8 thoughts on “Ooops!”

  1. Apparently, I’ve been doing that all wrong as well. I can’t imagine getting anything accomplished with a list of seven. I’m sure life would be a tad more relaxing though.

  2. I always have a huge list but acknowledge that I cannot possibly get it all done in one day. So then things get divided into “Long term, this is what needs done” and “TODAY I’m going to do these X things”. Only I always make “X” too ambitious so no matter what gets done, I feel like a failure.

    I also think the number 7 is sort of arbitrary because some things on the list will take five minutes (put away the clean laundry) while others will take 5 hours (do my homework for the week).

    So now we are talking about breaking each task into sub-tasks, things that can actually be checked off the list, so you feel like you GSD (got shit done) yet you don’t feel overwhelmed enough to fling the list to the floor, stomp on it and go sulk on the sofa with a bag of Hershey’s Kisses 😉

    Pretty soon, the Number One thing on your list is “1. Perform Task Management”.

    I used to get paid to do that. It’s called being a VP at a bank. bwahahahahahahaaaaa

  3. Listen carefully.

    Get rid of the “To Do” list.

    Instead, do a “Got Done” list.

      1. @Erin,
        Actually it’s not quite the same. However, I must admit that I can’t totally embrace the concept and I often do 2 headings ‘To Do’ and ‘Got Done’.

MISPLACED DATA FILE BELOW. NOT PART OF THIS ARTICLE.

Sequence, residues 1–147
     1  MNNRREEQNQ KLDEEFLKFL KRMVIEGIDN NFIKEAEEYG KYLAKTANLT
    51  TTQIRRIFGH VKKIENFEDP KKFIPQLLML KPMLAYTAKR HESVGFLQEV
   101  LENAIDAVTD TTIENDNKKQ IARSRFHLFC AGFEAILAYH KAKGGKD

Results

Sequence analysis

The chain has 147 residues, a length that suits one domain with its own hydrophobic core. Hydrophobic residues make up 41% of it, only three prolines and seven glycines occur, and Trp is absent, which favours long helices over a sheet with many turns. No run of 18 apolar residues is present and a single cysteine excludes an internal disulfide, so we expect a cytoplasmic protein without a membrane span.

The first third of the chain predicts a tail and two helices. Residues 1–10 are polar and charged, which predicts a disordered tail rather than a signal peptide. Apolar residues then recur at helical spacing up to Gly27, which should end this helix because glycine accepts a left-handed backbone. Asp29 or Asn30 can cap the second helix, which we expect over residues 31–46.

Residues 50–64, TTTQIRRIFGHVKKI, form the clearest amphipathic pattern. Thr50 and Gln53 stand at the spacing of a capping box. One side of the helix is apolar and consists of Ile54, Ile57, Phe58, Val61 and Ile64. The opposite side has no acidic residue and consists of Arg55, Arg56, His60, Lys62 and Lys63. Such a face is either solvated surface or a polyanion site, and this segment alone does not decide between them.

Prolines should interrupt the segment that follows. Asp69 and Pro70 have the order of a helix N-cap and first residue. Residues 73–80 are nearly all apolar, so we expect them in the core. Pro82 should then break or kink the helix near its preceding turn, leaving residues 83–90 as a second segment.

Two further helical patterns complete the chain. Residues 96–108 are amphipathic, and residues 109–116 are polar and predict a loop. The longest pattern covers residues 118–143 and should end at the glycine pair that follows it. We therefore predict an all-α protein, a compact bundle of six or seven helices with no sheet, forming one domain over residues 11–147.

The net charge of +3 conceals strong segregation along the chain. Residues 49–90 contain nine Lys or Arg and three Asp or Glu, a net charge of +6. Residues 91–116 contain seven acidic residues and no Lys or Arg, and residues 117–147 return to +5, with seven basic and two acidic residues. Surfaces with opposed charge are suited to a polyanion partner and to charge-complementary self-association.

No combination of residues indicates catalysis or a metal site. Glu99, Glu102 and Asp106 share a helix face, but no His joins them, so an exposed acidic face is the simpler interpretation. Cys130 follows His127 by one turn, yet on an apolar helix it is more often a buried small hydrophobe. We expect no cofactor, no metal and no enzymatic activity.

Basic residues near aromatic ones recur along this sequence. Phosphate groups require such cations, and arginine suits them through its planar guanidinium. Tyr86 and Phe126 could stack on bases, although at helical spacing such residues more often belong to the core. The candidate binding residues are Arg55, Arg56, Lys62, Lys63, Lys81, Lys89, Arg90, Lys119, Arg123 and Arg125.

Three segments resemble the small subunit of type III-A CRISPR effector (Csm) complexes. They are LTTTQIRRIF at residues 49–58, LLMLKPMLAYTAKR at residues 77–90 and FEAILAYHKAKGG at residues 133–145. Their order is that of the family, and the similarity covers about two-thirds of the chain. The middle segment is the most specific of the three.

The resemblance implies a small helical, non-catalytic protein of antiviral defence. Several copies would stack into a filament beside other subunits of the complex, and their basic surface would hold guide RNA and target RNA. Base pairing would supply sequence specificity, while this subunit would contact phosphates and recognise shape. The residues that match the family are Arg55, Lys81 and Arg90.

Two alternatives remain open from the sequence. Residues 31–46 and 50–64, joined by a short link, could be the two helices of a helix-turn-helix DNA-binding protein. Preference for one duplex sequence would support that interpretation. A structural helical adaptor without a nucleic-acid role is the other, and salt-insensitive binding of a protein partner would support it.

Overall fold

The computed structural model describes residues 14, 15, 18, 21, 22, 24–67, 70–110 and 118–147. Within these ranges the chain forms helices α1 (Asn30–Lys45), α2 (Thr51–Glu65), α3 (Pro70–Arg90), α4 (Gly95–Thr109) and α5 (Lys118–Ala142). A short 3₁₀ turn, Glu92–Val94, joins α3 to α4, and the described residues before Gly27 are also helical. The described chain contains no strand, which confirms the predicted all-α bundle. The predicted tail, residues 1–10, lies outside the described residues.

The difference is that when you accomplish noteworthy stuff that didn’t make it onto your original ‘To Do’ list you write it on the ‘Got Done’ list. (You don’t write it on the ‘To Do’ list and then check it off – which many people do). This works in a way to reinforce on how much you ‘got done’ without it being on your ‘to do’ list in the first place.

  4. Ah, ok – I see what you mean. Tracking these tasks also teaches us a lesson about “ad hockery” as I used to call it at my former place of employment. A certain amount of ad hockery is normal because life is dynamic and shit happens. But if the percentage of ad hockery becomes unacceptable that probably means we could work on our planning skills a bit because chances are pretty good that we could have anticipated some of it and had it on the To Do list to begin with. But yeah, I agree that noteworthy GSD items need to be recorded somehow if they were not on the To Do list to be checked off.

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